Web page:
Critical Care Newsline — July 21, 2011

Critical Care Newsline, the electronic newsletter from the American Association of Critical-Care Nurses, contains information selected just for you by our clinical practice experts. In each issue, you’ll find links to resources, research abstracts (individual sites may require registration and a fee to access complete articles) and websites that will keep you informed on issues affecting nurses and the nursing profession.

July 21, 2011

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1. COMING SOON AACN website gets new look and feel
2. CALL TO ACTION 2012 AACN Circle of Excellence Award nominations close Aug. 1
3. CALL TO ACTION Share certification best practices, qualify as NTI panelist
4. CALL TO ACTION Participate in research utilization survey
5. RESOURCE Discounts on VitalSmarts workshops for AACN members
6. EVIDENCE Revascularization doesn’t improve in-hospital VT/VF arrest survival
7. EVIDENCE NEJM study doesn’t recommend nesiritide for routine use in HF
8. EVIDENCE High-dose dexmedetomidine less likely to meet sedation goals
9. EVIDENCE CHEST reports study of oxygen for COPD air-travel patients
10. CALL TO ACTION Comment on TJC’s proposed pediatric EPs
11. CALL TO ACTION Save Nov. 9-12 for Progressive Care Pathways conference
12. NEWS Critical Care Societies Collaborative sets ICU telemedicine research agenda
13. CLINICAL PRACTICE RESOURCES
14. AACN RESOURCES Look for jobs at NursePath.com
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1. COMING SOON AACN website gets new look and feel
In the near future, you will notice changes to the AACN website, which will include a wider design, easier access to popular and relevant resources, and quick links to features from a new sidebar column. Look for these changes soon, and enjoy the newly enhanced user experience.

2. CALL TO ACTION AACN Circle of Excellence Award nominations close Aug. 1
Do you know a peer who makes a difference in the lives of patients and families? Nominate him or her for a 2012 AACN Circle of Excellence Award. Up to 25 recipients will be selected to receive a $1,000 honorarium and be inducted into the Circle of Excellence Society. Nominations close Monday, Aug. 1. Learn more and nominate.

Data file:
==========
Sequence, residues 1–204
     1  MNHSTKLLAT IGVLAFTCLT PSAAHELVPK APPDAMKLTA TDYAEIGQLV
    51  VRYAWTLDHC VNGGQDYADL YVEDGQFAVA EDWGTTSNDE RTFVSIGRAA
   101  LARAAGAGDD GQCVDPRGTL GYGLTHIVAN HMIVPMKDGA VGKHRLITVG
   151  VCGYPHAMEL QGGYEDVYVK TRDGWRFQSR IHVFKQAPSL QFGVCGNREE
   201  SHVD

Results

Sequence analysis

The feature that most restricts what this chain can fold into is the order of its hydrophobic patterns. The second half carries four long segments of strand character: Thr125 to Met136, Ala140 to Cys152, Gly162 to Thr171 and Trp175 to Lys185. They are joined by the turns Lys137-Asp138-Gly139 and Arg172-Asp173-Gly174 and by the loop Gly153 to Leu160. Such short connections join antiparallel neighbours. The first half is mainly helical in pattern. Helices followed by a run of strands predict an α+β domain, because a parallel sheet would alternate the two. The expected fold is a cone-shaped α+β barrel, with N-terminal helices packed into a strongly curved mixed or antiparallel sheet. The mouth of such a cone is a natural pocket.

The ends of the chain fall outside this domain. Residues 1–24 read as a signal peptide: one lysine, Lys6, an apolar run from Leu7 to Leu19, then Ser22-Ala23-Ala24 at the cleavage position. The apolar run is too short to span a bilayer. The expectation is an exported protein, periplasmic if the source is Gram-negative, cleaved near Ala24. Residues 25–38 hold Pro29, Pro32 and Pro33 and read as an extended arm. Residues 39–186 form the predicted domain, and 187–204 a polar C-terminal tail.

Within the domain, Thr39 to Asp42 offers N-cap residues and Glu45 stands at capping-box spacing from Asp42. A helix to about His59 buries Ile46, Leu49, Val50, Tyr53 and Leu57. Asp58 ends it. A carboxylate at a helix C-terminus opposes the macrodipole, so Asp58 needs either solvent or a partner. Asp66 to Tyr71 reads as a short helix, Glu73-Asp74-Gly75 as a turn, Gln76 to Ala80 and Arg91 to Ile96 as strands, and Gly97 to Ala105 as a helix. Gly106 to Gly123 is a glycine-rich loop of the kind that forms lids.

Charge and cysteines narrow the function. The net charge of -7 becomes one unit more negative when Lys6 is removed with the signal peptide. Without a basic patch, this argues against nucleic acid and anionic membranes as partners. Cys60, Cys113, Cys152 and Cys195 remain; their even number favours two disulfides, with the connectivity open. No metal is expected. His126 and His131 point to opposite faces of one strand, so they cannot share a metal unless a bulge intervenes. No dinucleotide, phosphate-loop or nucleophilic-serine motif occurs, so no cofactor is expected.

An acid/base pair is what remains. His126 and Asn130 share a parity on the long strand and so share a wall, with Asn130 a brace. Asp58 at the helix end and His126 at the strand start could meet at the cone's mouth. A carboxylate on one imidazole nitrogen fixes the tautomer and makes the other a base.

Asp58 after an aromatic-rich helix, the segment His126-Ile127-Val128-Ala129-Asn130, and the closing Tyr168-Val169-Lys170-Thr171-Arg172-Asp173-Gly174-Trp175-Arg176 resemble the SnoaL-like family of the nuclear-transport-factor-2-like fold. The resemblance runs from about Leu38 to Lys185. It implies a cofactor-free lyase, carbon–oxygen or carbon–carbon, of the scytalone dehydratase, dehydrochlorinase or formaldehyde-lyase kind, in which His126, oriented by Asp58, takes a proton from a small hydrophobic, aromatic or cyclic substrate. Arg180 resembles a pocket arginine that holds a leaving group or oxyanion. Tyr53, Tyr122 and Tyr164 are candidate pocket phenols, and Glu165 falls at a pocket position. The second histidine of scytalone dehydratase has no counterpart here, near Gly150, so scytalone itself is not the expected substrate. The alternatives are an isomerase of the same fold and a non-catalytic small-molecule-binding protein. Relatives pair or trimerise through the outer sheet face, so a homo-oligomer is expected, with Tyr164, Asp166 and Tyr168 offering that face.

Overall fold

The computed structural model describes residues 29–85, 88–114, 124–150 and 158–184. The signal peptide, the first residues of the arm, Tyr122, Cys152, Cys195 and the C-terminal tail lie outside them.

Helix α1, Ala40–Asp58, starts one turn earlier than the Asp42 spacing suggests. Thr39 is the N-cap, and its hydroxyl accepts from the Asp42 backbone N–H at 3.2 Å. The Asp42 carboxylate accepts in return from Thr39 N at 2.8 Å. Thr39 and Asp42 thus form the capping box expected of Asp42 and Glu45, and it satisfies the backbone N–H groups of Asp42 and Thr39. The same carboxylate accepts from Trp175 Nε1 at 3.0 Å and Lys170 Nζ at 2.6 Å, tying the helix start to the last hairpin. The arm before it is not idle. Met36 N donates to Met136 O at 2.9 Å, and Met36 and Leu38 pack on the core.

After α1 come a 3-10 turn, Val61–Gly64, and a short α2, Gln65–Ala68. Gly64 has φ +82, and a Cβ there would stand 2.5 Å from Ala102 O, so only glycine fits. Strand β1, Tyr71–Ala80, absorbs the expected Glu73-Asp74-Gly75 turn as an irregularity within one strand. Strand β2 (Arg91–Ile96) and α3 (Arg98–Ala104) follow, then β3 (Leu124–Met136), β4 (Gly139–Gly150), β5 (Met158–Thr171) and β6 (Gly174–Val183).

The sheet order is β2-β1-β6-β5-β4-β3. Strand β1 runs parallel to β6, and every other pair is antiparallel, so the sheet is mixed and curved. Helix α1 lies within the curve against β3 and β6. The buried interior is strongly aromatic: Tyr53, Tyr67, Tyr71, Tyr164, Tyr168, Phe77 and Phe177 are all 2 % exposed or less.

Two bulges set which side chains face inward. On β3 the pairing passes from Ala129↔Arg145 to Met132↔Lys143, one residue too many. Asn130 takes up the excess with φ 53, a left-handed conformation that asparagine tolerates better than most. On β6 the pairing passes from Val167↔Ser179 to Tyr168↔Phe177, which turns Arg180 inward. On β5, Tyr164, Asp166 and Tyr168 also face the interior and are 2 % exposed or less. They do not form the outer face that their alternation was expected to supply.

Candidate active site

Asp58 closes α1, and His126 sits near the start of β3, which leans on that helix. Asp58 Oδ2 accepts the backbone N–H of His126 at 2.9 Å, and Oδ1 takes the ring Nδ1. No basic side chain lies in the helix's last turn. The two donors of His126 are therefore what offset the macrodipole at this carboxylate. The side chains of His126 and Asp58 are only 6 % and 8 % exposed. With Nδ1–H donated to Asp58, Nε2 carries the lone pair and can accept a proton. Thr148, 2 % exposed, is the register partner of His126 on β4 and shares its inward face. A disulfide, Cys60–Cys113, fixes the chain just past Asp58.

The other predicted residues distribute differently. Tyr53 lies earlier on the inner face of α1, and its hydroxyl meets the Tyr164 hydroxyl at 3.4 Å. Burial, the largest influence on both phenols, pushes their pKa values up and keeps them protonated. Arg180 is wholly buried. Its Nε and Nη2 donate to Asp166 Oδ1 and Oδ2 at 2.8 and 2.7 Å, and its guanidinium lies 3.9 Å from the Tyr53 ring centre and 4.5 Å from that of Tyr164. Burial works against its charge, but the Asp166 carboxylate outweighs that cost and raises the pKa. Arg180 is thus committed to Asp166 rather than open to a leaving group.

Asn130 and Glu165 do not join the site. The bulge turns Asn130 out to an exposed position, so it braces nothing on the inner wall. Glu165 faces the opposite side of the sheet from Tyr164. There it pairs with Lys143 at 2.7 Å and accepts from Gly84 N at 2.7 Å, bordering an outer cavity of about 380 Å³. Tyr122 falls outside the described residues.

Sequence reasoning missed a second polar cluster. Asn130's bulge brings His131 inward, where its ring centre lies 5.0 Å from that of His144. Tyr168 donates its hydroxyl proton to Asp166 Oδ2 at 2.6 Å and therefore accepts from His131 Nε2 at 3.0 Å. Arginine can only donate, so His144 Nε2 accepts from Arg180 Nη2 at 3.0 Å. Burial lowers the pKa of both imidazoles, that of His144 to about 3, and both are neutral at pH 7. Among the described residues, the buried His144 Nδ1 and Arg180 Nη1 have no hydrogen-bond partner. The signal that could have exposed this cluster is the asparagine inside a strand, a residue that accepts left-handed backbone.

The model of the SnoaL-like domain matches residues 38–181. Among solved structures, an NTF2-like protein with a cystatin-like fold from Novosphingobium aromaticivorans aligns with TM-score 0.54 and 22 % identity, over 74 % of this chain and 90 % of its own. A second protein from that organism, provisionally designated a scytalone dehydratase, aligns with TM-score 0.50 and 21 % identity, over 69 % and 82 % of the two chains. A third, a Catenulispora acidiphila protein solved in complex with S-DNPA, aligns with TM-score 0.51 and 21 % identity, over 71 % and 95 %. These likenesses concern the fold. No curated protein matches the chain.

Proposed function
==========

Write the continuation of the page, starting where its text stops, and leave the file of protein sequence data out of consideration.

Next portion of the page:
3. CALL TO ACTION Share certification best practices, qualify as NTI panelist
If your facility or chapter has successfully implemented certification best practices — strategies to encourage, recognize and reward certification, submit your story online by Friday, Sept. 30. AACN will select the two most innovative practices for panel presentation during the “Creating a Culture of Certification: Best Practices Roundtable” at the 2012 National Teaching Institute & Critical Care Exposition (NTI), Saturday through Thursday, May 19-24, Orlando, Fla. AACN Certification Corporation accepts best-practices submissions year-round, which are available to view online.

4. CALL TO ACTION Participate in research utilization survey
Contributing to nursing research is an important part of our professional practice. The KAP — Knowledge, Attitudes and Practice — Research Utilization Survey with 33 questions will help improve the teaching steps of research utilization. Please take about 15 minutes to participate anonymously.

5. RESOURCE Discounts on VitalSmarts workshops for AACN members
AACN members save 20 percent on registration for the “Crucial Conversations,” “Crucial Confrontations” and “Influencer Training” two-day workshops sponsored by VitalSmarts, Provo, Utah. Learn best practices and tools for managing high-stakes interactions in “Crucial Conversations.” Get step-by-step processes to identify and resolve performance gaps in “Crucial Confrontations” and gain knowledge about creating positive, lasting change in your organization with “Influencer Training.” Find a scheduled workshop near you. Enter the code “AACN20” to receive the discount at checkout.

6. EVIDENCE Revascularization doesn’t improve in-hospital VT/VF arrest survival
Outcomes of Cardiac Catheterization and Percutaneous Coronary Intervention for In-hospital VT/VF (Ventricular Tachycardia/Ventricular Fibrillation) Cardiac Arrest” states that “an aggressive revascularization strategy” did not improve survival or neurological outcomes. “Further studies are necessary to identify potential subgroups that may benefit from revascularization,” concludes the study published online July 6 by Catheterization and Cardiovascular Interventions.

7. EVIDENCE NEJM study doesn’t recommend nesiritide for routine use in HF